A novel subverting a Māori myth has taken home New Zealand’s most prestigious writing prize at this year’s Ockham New Zealand book awards.
Kurangaituku by Whiti Hereaka, which draws on the Māori legend of Hatupatu and the Bird-Woman but tells it from the perspective of the tale’s traditional monster Kurangaituku, has won the NZ$60,000 Jann Medlicott Acorn prize for fiction.
Rob Kidd, convener of judges for the fiction category said the “epic poem of a novel” was “intense, clever and sexy as hell. It’s also an important novel. A game changer.”
Hereaka beat three other short-listed novels to the prize: A Good Winter by Gigi Fenster, Greta & Valdin by Rebecca K Reilly and Entanglement by Bryan Walpert.
Taking home the fiction award is “a big deal,” said Paula Morris, past winner and now spokesperson for the New Zealand Book Awards Trust which governs the Ockham awards.
Hereaka is the seventh Māori writer to win the prize in its almost 50-year history. The pool of previous recipients includes Patricia Grace, the late Keri Hulme, Alan Duff and Morris. With three more Māori writers on the longlist this year Morris is hopeful Māori award-winners will “be more frequent now”.
Morris said the awards included a range of large and small publishers and “even one self-published book, which was a finalist”. There was also diversity in authors and genres, she said.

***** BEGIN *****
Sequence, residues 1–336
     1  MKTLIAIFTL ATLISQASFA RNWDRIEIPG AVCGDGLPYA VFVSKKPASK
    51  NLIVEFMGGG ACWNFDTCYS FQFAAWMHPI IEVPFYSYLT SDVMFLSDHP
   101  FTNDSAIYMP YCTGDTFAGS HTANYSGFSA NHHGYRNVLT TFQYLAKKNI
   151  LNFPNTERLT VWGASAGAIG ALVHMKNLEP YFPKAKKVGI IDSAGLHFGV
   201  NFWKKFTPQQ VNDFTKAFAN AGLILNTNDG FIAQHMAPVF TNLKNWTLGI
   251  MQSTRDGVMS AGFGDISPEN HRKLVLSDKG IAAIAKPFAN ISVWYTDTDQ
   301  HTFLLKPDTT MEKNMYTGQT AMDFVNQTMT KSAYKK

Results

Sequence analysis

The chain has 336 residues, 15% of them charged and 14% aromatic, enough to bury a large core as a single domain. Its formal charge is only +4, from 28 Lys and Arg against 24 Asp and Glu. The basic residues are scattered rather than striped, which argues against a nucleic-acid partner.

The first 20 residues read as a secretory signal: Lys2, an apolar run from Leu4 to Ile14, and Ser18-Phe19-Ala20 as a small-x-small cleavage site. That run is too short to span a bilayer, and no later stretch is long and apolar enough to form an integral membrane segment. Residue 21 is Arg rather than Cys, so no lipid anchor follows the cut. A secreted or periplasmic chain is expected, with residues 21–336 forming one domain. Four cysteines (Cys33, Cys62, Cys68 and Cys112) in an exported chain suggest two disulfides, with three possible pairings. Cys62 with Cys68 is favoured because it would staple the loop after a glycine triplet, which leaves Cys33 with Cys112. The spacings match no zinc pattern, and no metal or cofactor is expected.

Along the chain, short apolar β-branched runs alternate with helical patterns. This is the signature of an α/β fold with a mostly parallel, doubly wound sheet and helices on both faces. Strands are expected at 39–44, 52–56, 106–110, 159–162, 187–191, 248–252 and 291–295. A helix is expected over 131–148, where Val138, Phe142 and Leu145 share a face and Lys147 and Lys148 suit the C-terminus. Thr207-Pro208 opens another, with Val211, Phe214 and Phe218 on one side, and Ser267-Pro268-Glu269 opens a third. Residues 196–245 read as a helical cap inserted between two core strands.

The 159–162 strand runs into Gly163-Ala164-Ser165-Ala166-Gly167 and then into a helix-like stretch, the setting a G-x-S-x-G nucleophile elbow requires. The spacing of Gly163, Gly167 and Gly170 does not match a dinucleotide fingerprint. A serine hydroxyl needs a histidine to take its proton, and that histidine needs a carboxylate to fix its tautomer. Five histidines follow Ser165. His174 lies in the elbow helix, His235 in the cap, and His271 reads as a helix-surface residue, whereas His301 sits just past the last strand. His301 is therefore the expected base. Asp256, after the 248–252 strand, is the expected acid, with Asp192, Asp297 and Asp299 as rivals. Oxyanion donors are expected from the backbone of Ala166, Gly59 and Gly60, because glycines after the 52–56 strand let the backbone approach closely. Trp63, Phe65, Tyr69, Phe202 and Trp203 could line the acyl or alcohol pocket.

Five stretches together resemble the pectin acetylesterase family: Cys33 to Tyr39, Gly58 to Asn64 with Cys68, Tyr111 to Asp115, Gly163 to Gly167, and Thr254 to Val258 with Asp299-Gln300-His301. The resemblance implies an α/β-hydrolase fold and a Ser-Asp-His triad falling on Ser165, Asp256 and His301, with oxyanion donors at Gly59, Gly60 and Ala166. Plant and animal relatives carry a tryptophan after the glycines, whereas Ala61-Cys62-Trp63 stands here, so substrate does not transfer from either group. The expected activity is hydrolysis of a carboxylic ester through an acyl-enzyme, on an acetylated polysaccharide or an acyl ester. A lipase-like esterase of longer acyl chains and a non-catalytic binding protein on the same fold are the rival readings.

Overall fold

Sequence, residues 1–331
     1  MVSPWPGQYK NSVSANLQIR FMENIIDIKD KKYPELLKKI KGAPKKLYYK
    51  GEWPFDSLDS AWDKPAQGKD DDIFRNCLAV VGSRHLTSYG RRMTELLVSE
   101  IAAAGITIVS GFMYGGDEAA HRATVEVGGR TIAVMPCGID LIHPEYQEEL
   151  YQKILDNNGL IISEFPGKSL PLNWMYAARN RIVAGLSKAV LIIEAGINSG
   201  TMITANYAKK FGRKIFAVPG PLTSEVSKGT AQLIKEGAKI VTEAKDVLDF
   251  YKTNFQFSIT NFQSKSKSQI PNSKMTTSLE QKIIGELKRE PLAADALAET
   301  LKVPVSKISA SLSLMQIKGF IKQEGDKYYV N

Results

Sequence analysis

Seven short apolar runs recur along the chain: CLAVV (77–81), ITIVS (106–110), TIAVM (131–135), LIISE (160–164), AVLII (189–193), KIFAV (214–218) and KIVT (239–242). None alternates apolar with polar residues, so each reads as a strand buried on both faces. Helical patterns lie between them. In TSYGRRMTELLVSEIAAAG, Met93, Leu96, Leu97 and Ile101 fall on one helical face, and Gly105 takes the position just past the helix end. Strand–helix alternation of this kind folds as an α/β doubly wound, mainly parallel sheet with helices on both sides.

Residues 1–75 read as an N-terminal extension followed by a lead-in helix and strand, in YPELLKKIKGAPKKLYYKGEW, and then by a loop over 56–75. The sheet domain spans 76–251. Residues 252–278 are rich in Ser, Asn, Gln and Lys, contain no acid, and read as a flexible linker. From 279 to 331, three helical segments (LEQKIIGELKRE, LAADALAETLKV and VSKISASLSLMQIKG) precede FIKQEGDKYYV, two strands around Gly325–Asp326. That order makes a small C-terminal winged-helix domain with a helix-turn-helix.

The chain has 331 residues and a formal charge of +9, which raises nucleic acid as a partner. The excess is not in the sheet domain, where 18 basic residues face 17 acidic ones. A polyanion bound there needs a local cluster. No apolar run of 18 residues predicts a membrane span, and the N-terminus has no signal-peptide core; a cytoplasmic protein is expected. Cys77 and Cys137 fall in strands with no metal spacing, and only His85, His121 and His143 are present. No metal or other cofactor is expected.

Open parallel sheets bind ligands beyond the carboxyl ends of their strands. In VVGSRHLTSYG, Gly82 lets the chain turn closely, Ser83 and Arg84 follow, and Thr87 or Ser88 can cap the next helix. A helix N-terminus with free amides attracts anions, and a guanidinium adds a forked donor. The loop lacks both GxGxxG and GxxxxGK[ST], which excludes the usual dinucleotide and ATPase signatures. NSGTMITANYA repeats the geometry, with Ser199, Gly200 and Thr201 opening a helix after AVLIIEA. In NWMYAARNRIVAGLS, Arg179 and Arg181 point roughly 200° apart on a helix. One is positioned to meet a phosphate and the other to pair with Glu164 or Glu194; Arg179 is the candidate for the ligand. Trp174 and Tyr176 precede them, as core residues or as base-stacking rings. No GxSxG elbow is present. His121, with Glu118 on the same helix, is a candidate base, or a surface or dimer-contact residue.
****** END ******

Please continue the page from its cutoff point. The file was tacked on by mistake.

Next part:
“You’ve got literary memoirs facing off against a book about climate change and a major work of 19th century history in just one category alone.”
Vincent O’Malley’s Voices from the New Zealand War took out the top prize for nonfiction. Morris described the book as a “major work of scholarship” that brings together Māori and Pākehā (New Zealand European) voices.
She said there were “loads of surprises” at Wednesday’s awards ceremony.
“I don’t think they were delivering the most expected results by any means, which is a good thing.”
“They were idiosyncratic and thoughtful. That is what book awards should be.”
The other winners:
The Booksellers Aotearoa New Zealand award for illustrated nonfiction: Dressed: Fashionable Dress in Aotearoa New Zealand 1840 to 1910 by Claire Regnault
The Mary and Peter Briggs award for poetry: Tumble by Joanna Preston
The Hubert Church prize for a best first book of fiction: Greta & Valdin by Rebecca K Reilly
The Jessie Mackay prize for a best first book of poetry: Whai by Nicole Titihuia Hawkins
The Judith Binney prize for a best first work of illustrated nonfiction: The Architect and the Artists: Hackshaw, McCahon, Dibble by Bridget Hackshaw
The E H McCormick prize for a best first work of general nonfiction: The Alarmist: Fifty Years Measuring Climate Change by Dave Lowe